You are replicating a knit stitch using a needle and thread over the top over of some stocking stitch knitting. It can be used to add delicate patterns to plain knitting and sometimes it’s also used to darn socks. If you were knitting intarsia and just one stitch per pattern repeat was required in one particular colour you might ignore it whilst knitting and then go back and swiss darn it afterwards.



One of the great ways to make your stocking stitch or garter stitch more exciting, particularly if you are a beginner knitter who isn’t quite ready for a new stitch yet, is to add stripes to your knitting. Once you have finished a wrong side row leave your current colour and just begin knitting with the new colour. Leave a short tail that you can sew in later, knit one stitch with the working yarn and the second stitch with both the working yarn and the tail to secure the new colour. 

Did you know?

This is the same method to use when you are starting a new ball of yarn after coming to the end of another.  Tying knots in the middle of a row is messy and potentially ruinous if it comes undone! 

If you fancy experimenting with this knitting method make sure you check out the TUBE COWL, an ideal colour changing project, perfect for beginners!


These are often called blackberry stitch if used one after the other. Essentially you are making say five stitches from one stitch, knitting just these stitches for a few rows and then decreasing again before carrying on with the rest of your knitting.

TOFT's FINE yarn is ideal for making dainty bobbles on the BOBBLE END SCARF.

See Toft’s knitting HELP VIDEOS for how to make the perfect bobble.


Cable knitting can be as easy or complex and intricate as you want to make it.

Patterns such as our CABLE WRISTWARMERS make a perfect beginner cable knitting project. The one way twist cable pattern is simple and yet looks professional and unique, especially when knitted in luxury knitting yarns such as our DK. When cabling you are in effect twisting the stitches and knitting them in the wrong order and to do this you will almost always need to use a cable needle held to the front or the back (although a pencil or large hair pin can be a good substitute!). See our BASIC CABLE STITCH LEARN TO KNIT VIDEO.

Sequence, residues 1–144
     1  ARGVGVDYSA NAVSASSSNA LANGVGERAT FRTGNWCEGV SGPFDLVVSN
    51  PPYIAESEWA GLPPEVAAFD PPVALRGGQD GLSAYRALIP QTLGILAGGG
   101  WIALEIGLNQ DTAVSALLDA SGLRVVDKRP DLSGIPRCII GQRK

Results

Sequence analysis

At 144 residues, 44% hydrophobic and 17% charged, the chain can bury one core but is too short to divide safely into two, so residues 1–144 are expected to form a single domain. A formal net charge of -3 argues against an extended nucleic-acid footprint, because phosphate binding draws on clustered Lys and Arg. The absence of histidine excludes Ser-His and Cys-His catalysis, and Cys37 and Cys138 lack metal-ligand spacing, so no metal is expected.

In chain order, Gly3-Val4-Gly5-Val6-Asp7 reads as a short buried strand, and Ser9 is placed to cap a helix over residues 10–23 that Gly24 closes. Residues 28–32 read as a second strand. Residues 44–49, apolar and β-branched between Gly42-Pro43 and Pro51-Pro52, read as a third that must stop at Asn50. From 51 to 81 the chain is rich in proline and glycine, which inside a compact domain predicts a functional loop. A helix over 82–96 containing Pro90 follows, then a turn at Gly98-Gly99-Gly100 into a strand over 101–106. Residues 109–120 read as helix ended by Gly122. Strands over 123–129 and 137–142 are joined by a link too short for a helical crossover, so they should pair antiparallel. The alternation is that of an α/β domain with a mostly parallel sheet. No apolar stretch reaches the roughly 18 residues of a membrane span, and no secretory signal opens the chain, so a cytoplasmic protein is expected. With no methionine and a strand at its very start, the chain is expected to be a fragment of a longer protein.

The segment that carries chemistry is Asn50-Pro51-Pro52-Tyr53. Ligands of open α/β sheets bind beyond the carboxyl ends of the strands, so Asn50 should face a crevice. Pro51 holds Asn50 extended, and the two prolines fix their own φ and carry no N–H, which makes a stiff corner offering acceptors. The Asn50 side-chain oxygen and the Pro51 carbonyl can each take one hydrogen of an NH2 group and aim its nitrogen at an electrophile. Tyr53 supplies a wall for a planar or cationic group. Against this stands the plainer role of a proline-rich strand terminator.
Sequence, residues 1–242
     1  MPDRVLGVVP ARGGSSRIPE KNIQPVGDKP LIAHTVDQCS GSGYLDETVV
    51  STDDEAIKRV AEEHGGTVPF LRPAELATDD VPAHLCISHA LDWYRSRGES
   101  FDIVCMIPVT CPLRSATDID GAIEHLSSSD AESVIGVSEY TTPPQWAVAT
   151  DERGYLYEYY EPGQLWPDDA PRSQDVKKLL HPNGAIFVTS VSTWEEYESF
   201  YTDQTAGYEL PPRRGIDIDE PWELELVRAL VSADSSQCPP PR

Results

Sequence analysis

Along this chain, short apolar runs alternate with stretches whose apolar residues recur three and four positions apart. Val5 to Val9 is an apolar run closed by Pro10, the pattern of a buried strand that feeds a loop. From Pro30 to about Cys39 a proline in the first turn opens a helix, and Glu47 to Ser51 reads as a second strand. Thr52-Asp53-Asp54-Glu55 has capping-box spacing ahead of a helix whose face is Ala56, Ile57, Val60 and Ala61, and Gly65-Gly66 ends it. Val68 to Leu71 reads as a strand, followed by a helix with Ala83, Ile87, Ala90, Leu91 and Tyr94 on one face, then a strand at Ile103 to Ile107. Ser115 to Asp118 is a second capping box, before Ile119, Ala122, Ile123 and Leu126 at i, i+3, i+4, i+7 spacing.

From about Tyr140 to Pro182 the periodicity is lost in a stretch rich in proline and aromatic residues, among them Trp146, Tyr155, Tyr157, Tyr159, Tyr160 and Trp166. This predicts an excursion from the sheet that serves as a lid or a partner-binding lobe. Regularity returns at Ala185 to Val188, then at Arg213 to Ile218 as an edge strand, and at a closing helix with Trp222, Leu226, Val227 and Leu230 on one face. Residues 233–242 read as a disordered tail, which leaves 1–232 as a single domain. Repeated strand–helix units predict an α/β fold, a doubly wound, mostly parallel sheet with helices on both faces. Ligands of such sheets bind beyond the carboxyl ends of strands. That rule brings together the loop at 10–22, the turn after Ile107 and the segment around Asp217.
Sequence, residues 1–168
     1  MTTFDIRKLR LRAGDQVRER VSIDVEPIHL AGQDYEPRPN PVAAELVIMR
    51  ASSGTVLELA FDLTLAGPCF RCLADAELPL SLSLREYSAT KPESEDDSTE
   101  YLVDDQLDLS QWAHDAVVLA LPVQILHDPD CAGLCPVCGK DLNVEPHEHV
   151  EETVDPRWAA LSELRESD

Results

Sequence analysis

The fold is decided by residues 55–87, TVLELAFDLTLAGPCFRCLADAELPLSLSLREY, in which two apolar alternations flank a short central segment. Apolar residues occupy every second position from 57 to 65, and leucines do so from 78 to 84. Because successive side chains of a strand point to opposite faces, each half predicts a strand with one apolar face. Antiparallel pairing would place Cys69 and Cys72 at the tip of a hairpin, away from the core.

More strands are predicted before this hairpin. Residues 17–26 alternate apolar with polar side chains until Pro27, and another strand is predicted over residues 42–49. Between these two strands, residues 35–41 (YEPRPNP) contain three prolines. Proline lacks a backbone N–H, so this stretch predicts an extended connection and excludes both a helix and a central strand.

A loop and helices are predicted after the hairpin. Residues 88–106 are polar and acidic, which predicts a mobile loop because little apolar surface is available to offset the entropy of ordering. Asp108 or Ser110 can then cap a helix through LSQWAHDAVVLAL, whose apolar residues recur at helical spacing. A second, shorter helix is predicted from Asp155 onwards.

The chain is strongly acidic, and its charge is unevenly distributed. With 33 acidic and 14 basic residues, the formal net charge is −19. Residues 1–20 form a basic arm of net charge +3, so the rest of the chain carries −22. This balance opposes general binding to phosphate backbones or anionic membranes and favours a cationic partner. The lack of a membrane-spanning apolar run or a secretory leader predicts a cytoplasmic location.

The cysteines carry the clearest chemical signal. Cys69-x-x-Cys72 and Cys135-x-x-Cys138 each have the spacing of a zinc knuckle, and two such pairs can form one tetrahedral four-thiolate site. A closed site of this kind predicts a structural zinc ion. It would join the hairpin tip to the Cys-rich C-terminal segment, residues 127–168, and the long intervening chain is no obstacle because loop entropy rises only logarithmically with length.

As used in our CABLE CUSHION pattern this cable takes some stitches (usually at a central point of the cable) onto the cable needle, they are then physically wrapped with the working yarn several times under the cable needle before being slipped back onto the left hand needle before being knitted.


As used in our BOBBLE LEGWARMERS this more advanced cable (sometimes called ‘sands through the hourglass’ cable) uses a combination of cables, MOSS STITCH and BOBBLES to great effect.

Take a look at our BEGINNER KNITTING VIDEOS to learn how to do the basics of this stitch


Often confused with blackberry stitch, this particular stitch lends itself to being knitted in most yarns including chunky as seen on our TRINITY COWL.

It's created much like a bobble or blackberry stitch in that a few stitches are made from one and then to keep the same amount of stitches per row the next three stitches are knitted together.


This beautiful lace stitch is quite time consuming but worth the effort. Like most lace knitting patterns it uses wraps, decreases and increases to create loopy stitches, gathers and fans. The end result is a pattern that looks like a hyacinth flower repeated again and again. It works well in Toft’s FINE and lace yarns as well as DK, thicker yarns wouldn’t work so well - the delicate stitch definition might be lost and purling 5 stitches together could become quite tricky. See our HYACINTH STITCH VIDEO.

A great example of this stitch is on our HYACINTH WRISTWARMERS.